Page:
Lake Wallenpaupack

From Wikipedia, the free encyclopedia
Jump to: navigation, search
Lake Wallenpaupack
Location Pike / Wayne counties, Pennsylvania, United States
Coordinates 41°24′47″N 75°14′25″W / 41.41306°N 75.24028°W / 41.41306; -75.24028Coordinates: 41°24′47″N 75°14′25″W / 41.41306°N 75.24028°W / 41.41306; -75.24028
Type Reservoir
Primary inflows Wallenpaupack Creek[1]
Primary outflows Lackawaxen River
Basin countries United States
Max. length 13 mi (21 km)[1]
Max. width 1 mi (1.6 km)[1]
Surface area 9 sq mi (23 km2)[1]
Average depth 30 ft (9.1 m)
Max. depth 60 ft (18 m) [1]
Shore length1 52 mi (84 km)[1]
Surface elevation 1,185 ft (361 m)[1]
1 Shore length is not a well-defined measure.

Lake Wallenpaupack is a freshwater lake in Pennsylvania. It is the third largest lake in Pennsylvania measuring 52 miles of shoreline, 13 miles in length, 60 feet deep at points, and has in excess of 5,700 acres of surface water. It was created in 1926 by PPL, the Pennsylvania Power & Light Company, for hydroelectric purposes as well as flood control; however, it is best known as one of several major recreational destinations in the Pocono Mountains. It is located near the city of Hawley, and includes the counties of Pike and Wayne located in northeastern Pennsylvania.


The Lenape Indians named the area "Wallenpaupack" which means "The Stream of Swift and Slow Water." William Penn later owned the land and then deeded it to his son, who then gave it to James Wilson, one of the signers of the Declaration of Independence.[2]

The lake was planned as a drinking water reservoir, though it was never actually used for this purpose.[citation needed] In order to create the lake, a dam was constructed on Wallenpaupack Creek at Wilsonville. The land of Wilsonville and the surrounding area in the valley was purchased by PPL from about 100 owners at about $20 an acre and most of the property was razed or moved. Some houses remained, and as the valley was flooded the water was so clear that one could see the houses under the water. In all, 17 miles (27 km) of roads and utility poles were rerouted, and Purdytown cemetery[3] had to be relocated. The former town of Wilsonville now lies under the water near the dam.[4]

New owner[edit]

PPL manages the 3,300 acres of land around the lake as well. While homeowners have access rights, they must apply for permits for things such as landscaping to installing exterior lights and cannot cut down vegetation to improve their view of lake — a provision to keep the man-made lake natural.

PPL knows every rock and tree on this shoreline, and they are very good stewards of the lake

—Jo-Ann Rose, Administrator for Palmyra Twp. in Pike County[5]

In June 2014 PPL announced it will be divesting its electrical generation facilities.[6] Plans call for a spinoff to a newly created company Talen Energy formed from the generation assets of PPL and Riverstone Holdings. Before the deal is approved by federal regulator FERC one of the requirements will be to limit the size of the new venture, so it is possible that Talen would be forced to spinoff the power plant, Wallenpaupack Hydroelectric Project leaving ownership of the lake unclear as of March, 2015.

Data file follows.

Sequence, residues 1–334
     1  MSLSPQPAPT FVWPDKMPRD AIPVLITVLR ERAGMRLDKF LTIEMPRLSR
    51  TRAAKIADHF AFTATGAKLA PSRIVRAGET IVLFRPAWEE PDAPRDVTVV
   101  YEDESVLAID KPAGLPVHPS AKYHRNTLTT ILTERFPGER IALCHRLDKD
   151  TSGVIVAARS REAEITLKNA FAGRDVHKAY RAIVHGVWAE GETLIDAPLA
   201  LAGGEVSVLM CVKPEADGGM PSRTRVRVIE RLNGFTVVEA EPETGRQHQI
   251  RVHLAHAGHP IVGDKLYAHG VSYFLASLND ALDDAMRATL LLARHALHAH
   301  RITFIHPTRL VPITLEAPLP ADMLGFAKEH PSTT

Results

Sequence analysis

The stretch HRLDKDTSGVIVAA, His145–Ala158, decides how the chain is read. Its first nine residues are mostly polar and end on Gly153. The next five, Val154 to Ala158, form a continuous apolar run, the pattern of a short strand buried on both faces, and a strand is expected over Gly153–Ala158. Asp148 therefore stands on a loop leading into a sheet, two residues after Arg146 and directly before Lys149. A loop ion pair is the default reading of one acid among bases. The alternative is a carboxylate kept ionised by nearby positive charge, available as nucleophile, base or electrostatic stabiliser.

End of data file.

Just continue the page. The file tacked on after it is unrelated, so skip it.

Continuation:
An integral part of the Lake Region of the Pocono Mountains, Lake Wallenpaupack is both a regional, as well as local, recreation attraction in the tri-state area (Pennsylvania, New Jersey and New York), and is popular with seasonal visitors from the New York City and Philadelphia areas, particularly in the summertime. The lake provides boating, swimming, and fishing access in the summer, as well as ice skating and ice fishing in the winter. Its wooded shoreline also provides opportunities for hiking and viewing wildlife. Lake fish include smallmouth bass, largemouth bass, rock bass, bluegill, walleye, muskellunge, northern pike, pickerel, rainbow trout, brown trout, lake trout, catfish and yellow perch. Striped bass and hybrid striped bass have been stocked in the lake. The lake is 13 miles (21 km) long, has 52 miles (84 km) of shoreline, and is about 60 feet (18 m) deep at its maximum depth.


Lake Wallenpaupack faces a number of environmental problems, including water-quality issues from heavy boat usage, algal blooms and rapid sedimentation related to agricultural runoff, and an invasion of purple loosestrife along the shores. [7] The lake is used as an educational resource to teach ecology to students of the Wallenpaupack Area School District, in a curriculum that has been described as innovative.[8][9]

Popular culture[edit]

  • Lake Wallenpaupack was featured as a retreat location in the popular TV show The Office in the eleventh episode of the second season, Booze Cruise.
  • The lake is the setting of the book Baked Beans for Breakfast (1970) by Ruth Chew.[citation needed]
  • The lake is also featured in Oprah's Autobiography, "Somehow I Manage".


  1. ^ a b c d e f g Hopkins, Heather. "PPL's Wallenpaupack hydroelectric plant". PPL. Retrieved June 2012. 
  2. ^
  3. ^ "Purdytown Cemetery". Retrieved June 2012. 
  4. ^ Peter Becker (Jul 19, 2012). "Town Under the Lake". The News Eagle. Retrieved September 2013. 
  5. ^ Falchek, David (June 6, 2014). "PPL pullout means uncertainty for Lake Wallenpaupack". The Times-Tribune. Retrieved March 18, 2015. 
  6. ^ Poole, Claire (June 10, 2014). "PPL, Riverstone create Talen Energy". The Street. Retrieved March 18, 2015. 
  7. ^ "Lake Wallenpaupack Ecology Diligently Overseen" by Peter Becker, Wayne Independent, Tue Jan 29, 2008. (accessed Oct 17, 2010)
  8. ^ Wallenpaupack Area School District: Lake Wallenpaupack Office, PP&L Co. Lake Wallenpaupack Watershed Management Dist. F.X. Browne Inc. EDUCATION AND OUTREACH
  9. ^ Browne, F.; T. Peifer; W. Bergstresser (1994). "An innovative environmental education curriculum for the Wallenpaupack Area School District". Lake and Reservoir Management 9 (2). 

External links[edit]